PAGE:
Spring Maintenance
Chester J. Zelasko, Ph.D. | May 10, 2006

Spring has arrived and it’s time to perform some spring maintenance--not on your lawn mower or your car, but on your body. It’s a bit more complicated than just checking fluid levels, but the essence is the same: checking basic measures to find out where you are and what you need to work on.

Here are some health measures you should get checked, why it’s important, and what the numbers should be. Most of these measures have been covered in prior Newsletters.

Blood Pressure
Blood pressure is a measure of the force exerted on your arteries while the heart is beating (systolic) and resting (diastolic.) When blood pressure is high, it can cause damage to arteries due to shearing forces, cause the heart to become larger in an unhealthy way, and lead to kidney damage, among other things. Here are your targets:

Normal systolic BP: Less than 120 mm Hg
Normal diastolic BP: Less than 80 mm Hg

Recent research has demonstrated that if BP is taken in the doctor’s office, you should be sitting quietly and comfortably for at least five minutes (1). If not, readings can be up to 14 mm Hg higher--and that’s often high enough to trigger a diagnosis for hypertension. For the latest recommendations for BP, check out the Better Life Newsletter of May 20, 2003.

Cholesterol is transported in the body in little protein packages; it’s a waxy substance that is essential for good health. The problem is that when we eat too many saturated fats, we make too much LDL-cholesterol. The LDL-cholesterol is the bad cholesterol--often called lethal cholesterol--and should be as low as possible. The HDL-cholesterol is the good cholesterol; it’s sometimes called the healthy cholesterol and should be as high as possible. Triglycerides are not really cholesterol, but they’re reflective of how much fat is being transported in your blood. High total cholesterol and LDL-cholesterol increases the risk of cardiovascular disease (CVD). These are the numbers to shoot for:

Total cholesterol: Less than 200 mg/dl
LDL-cholesterol: Less than 100 mg/dl, and closer to 70 mg/dl
HDL-cholesterol: Greater than 60 mg/dl
Triglycerides: Less than 150 mg/dl

The blood test should be performed on blood collected via a venous sample--it’s less subject to measurement error. If the numbers are high or low in the case of HDL cholesterol, have the test repeated. For further information on how to lower your cholesterol, check out the Better Life Newsletter from January 14, 2005.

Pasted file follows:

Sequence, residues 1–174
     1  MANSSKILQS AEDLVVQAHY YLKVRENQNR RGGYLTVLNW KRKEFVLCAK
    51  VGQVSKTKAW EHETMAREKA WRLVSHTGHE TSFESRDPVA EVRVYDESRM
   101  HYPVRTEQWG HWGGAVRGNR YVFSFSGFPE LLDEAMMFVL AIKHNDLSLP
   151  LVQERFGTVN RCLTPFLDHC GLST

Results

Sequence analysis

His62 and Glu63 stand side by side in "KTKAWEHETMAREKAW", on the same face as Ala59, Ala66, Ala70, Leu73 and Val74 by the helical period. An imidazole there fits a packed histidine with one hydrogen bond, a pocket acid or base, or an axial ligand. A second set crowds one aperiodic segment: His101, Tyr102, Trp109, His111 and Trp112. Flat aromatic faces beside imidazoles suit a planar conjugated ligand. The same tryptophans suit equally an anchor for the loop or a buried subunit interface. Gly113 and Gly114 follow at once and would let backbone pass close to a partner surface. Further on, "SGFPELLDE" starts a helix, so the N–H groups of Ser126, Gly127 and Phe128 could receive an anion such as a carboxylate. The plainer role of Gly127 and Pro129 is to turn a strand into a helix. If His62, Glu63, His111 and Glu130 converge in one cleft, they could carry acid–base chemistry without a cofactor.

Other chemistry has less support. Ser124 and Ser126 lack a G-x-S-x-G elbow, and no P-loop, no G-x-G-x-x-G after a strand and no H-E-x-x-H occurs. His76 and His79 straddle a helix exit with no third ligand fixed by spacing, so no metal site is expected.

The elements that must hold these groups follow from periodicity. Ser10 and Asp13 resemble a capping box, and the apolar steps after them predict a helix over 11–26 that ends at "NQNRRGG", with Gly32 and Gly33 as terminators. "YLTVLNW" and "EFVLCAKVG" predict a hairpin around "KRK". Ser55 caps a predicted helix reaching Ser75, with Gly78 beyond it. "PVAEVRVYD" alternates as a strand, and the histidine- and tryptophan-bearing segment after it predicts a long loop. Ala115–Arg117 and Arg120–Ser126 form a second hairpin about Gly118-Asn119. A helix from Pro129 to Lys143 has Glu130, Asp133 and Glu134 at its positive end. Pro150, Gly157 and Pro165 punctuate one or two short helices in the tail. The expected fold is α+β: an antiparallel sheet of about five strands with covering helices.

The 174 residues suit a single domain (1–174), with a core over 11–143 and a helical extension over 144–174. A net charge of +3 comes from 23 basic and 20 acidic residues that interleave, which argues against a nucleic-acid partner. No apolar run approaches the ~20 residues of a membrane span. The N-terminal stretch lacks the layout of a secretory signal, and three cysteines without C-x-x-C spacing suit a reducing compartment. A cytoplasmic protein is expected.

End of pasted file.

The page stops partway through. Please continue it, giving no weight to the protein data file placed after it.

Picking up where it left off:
High sensitivity C-reactive protein is a protein that reflects inflammation in the body. It’s not something you can feel but when elevated for long periods of time, it’s associated with an increased risk of CVD. These are the risk levels for CVD associated with hs-CRP:

Low risk: Less than 1.0 mg/L
Average risk: Between 1.0 and 3.0 mg/L
High risk: Greater than 3.0 mg/L

If hs-CRP is elevated, the test should be repeated before a course of treatment is outlined. Because inflammation is naturally higher during infections, do not have hs-CRP tested while you have a cold or the flu. For more information on hs-CRP, read the Better Life Newsletter from December 13, 2005.

Blood Glucose
When you eat any kind of carbohydrates, they’re broken down into sugars such as glucose to be transported in the body to wherever they’re needed. Glucose does not stay in the blood very long--insulin helps remove it for use as fuel in cells. However, impaired glucose metabolism will increase the blood glucose levels. Often, insulin resistance is one of the metabolic consequences of obesity, and blood glucose can rise. On the other hand, blood sugar can be too low resulting in a condition called hypoglycemia. Here’s the number to look for:

Blood glucose: Between 60--100 mg dl

Blood glucose should be assessed after an overnight fast. Interestingly, blood glucose may not be the first indication that a person is pre-diabetic.

Insulin is a hormone made by the pancreas and is responsible (with glucagon) for maintaining normal blood glucose levels. When you eat anything with absorbable carbohydrates, the body breaks the carbohydrates into smaller sugars, which are absorbed into the bloodstream. Then insulin is released to allow the body to utilize the sugar as a fuel.

If someone is insulin resistant, often associated with obesity and a sedentary lifestyle, they make plenty of insulin but their body doesn’t use it effectively. That eventually leads to an increase in blood glucose, but that can take years. It’s important to ask your doctor to check serum-insulin levels--this is the first indication you’re insulin resistant. Especially if you’re overweight and sedentary, this is something you should have done; this test should be performed after an overnight fast. Your goal:

Insulin level: Between 8-10 mM/ml

There you have it--your spring maintenance checklist. In addition to gender-specific tests such as Papp smears for women, mammograms for women over 40, and Protein Specific Antigen (PSA) tests for men over 50, these simple measurements can indicate the state of your health before a problem develops. Call your healthcare provider and schedule your spring checkup today.

  1. Turner, M. et al. Presented at the Preventative Cardiovascular Nurses Association National Conference. Denver, CO. 2006.
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